[Libre-soc-bugs] [Bug 422] Migrate away from nmigen Record

bugzilla-daemon at libre-soc.org bugzilla-daemon at libre-soc.org
Wed Jul 8 11:31:41 BST 2020


Luke Kenneth Casson Leighton <lkcl at lkcl.net> changed:

           What    |Removed                     |Added
                 CC|                            |whitequark at whitequark.org

--- Comment #1 from Luke Kenneth Casson Leighton <lkcl at lkcl.net> ---
whitequark: i'm adding you as a cc on this bugreport.  awygle's comment
here that Record.connect is "not used" is incorrect:

in the 75,000 lines of code in libre-soc, we make substantial use of
Record (the entire codebase relies on it), and also use Record.connect
in a number of places.

here is a count just the count of the number of base classes
(excluding inherited classes) and locations where Record is used:

soc$ find . -name "*.py" | xargs grep 'Record' | wc
    140     694   10827

we cannot make a similar cursory count for the IEEE754 FPU because the
OO inheritance and sub-object tree is 2 to 4 levels deep in places.

it would be *significantly* disruptive to the project to be forced to
modify and review 75,000 lines of code in order to remove Record, and
it would be seriously problematic if Record.connect disappeared.

also it would be disruptive to Minerva, where Record.connect is utilised
for all wishbone bus communications (and we are using that code)

(microwatt's wishbone implementation has to split incoming from outgoing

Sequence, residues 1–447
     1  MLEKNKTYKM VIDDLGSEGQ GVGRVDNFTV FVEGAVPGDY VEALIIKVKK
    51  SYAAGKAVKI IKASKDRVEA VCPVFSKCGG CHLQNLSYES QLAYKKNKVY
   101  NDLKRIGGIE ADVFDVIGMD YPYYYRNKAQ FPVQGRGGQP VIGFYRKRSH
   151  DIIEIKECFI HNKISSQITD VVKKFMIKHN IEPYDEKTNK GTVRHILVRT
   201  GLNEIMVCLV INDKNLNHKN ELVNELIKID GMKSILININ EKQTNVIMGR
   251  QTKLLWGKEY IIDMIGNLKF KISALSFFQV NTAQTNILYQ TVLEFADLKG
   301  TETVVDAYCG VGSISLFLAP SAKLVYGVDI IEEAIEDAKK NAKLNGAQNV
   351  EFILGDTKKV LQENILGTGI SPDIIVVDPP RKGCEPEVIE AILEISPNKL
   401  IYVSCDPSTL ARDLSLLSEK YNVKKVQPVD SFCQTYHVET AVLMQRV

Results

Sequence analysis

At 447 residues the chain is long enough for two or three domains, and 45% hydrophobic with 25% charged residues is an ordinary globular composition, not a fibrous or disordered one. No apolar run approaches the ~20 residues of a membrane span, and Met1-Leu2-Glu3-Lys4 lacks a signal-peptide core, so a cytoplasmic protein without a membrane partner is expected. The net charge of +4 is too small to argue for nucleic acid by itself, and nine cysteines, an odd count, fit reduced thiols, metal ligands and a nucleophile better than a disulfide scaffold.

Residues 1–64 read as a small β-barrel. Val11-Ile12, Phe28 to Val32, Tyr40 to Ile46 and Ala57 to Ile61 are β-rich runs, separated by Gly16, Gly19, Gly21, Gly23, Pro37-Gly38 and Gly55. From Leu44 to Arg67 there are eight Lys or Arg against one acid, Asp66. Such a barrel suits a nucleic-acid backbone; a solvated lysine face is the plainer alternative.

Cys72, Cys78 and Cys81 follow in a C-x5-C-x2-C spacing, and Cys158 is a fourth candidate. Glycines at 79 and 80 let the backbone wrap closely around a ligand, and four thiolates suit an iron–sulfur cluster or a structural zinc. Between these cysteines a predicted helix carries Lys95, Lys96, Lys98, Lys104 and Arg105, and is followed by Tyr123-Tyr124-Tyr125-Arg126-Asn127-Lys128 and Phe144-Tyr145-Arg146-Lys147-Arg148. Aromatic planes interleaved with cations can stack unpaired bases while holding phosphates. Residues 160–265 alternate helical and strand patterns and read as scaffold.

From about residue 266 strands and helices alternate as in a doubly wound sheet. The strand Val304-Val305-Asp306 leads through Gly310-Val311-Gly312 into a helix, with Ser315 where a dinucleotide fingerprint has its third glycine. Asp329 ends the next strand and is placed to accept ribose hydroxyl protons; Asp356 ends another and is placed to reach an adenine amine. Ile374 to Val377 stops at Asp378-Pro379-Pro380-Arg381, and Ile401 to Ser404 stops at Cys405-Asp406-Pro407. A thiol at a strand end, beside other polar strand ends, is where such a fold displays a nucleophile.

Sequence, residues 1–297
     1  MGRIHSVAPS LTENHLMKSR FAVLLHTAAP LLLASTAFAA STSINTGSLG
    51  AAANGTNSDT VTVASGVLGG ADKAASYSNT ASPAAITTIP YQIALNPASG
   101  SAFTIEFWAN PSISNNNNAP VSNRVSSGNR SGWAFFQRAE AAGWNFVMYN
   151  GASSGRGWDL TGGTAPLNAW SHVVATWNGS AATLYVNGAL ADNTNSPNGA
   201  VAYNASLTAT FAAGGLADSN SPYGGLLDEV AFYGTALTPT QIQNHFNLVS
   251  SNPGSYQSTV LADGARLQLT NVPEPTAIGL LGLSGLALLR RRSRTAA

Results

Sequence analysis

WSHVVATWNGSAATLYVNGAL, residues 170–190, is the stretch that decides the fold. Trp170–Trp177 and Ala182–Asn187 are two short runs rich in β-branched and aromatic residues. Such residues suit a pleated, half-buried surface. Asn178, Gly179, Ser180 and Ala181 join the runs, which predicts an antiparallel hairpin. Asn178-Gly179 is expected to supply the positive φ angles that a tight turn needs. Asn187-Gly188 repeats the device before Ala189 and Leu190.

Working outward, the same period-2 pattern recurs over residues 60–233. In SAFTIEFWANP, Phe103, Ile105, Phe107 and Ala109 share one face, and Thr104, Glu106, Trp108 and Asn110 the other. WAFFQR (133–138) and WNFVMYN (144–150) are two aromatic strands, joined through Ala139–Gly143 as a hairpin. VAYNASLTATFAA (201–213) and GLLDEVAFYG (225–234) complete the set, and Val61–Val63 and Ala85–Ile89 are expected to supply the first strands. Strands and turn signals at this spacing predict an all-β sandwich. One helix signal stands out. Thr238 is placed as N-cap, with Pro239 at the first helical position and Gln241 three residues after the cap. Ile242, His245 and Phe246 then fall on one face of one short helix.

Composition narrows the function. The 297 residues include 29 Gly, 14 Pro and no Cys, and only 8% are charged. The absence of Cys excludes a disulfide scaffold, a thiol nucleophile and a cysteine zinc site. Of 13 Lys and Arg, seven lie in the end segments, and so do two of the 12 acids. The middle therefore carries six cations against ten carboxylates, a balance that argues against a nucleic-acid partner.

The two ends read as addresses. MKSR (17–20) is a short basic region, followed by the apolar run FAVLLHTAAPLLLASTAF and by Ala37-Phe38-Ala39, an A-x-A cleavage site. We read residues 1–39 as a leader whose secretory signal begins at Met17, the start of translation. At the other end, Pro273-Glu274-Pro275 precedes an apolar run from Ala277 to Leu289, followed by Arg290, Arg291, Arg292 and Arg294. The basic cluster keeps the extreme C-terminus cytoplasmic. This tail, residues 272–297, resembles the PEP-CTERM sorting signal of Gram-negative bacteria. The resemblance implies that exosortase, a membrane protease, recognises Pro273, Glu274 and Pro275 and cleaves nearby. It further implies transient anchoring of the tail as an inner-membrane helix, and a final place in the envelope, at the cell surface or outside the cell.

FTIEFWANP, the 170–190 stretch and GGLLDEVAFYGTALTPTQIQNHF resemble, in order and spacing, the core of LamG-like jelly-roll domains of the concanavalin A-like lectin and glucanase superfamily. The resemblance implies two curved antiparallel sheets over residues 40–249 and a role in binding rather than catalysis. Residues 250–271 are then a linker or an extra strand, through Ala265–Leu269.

signals into separate structs and it becomes incredibly confusing:
it appears that a module using two such separate structs then has two
connections: one to a wishbone master and one to a wishbone slave,
whereas in fact it's just a single wishbone slave connection.  this
kind of confusion took over 15 minutes of detailed reading of the code
to identify).

any modifications to the IEEE754 FP library (45,000 lines of code)-
which critically depends on Record existing - come with a penalty of
requiring a *week* of 100% CPU on high-performance machines to run
several hundreds of thousands of unit tests and regression tests.

the bottom line is that it would be substantially detrimental to the
entire project in time and resources to deal with this, particularly
right when we have an upcoming tape-out deadline in October 2020.

i also feel compelled to point out that it is of some significant
concern to hear of major design decisions to remove critical functionality
for the first time via 3rd hand notifications where none of our team have
been involved or consulted as to the implications, and, on inspection
of the conversation logs to find that the people making the analysis and
major influential input (awygle) have clearly never looked at any of
the 75,000 lines of code that has been developed under NLNet's funding remit.

this is not a small project with a small impact.  Hugh, the former
Director of the OpenPOWER Foundation, informs me that it will be the
world's first new independent POWER9 design to go into silicon in
*ten years*.

i would welcome your input as to how we can move forward here in an
inclusive way.

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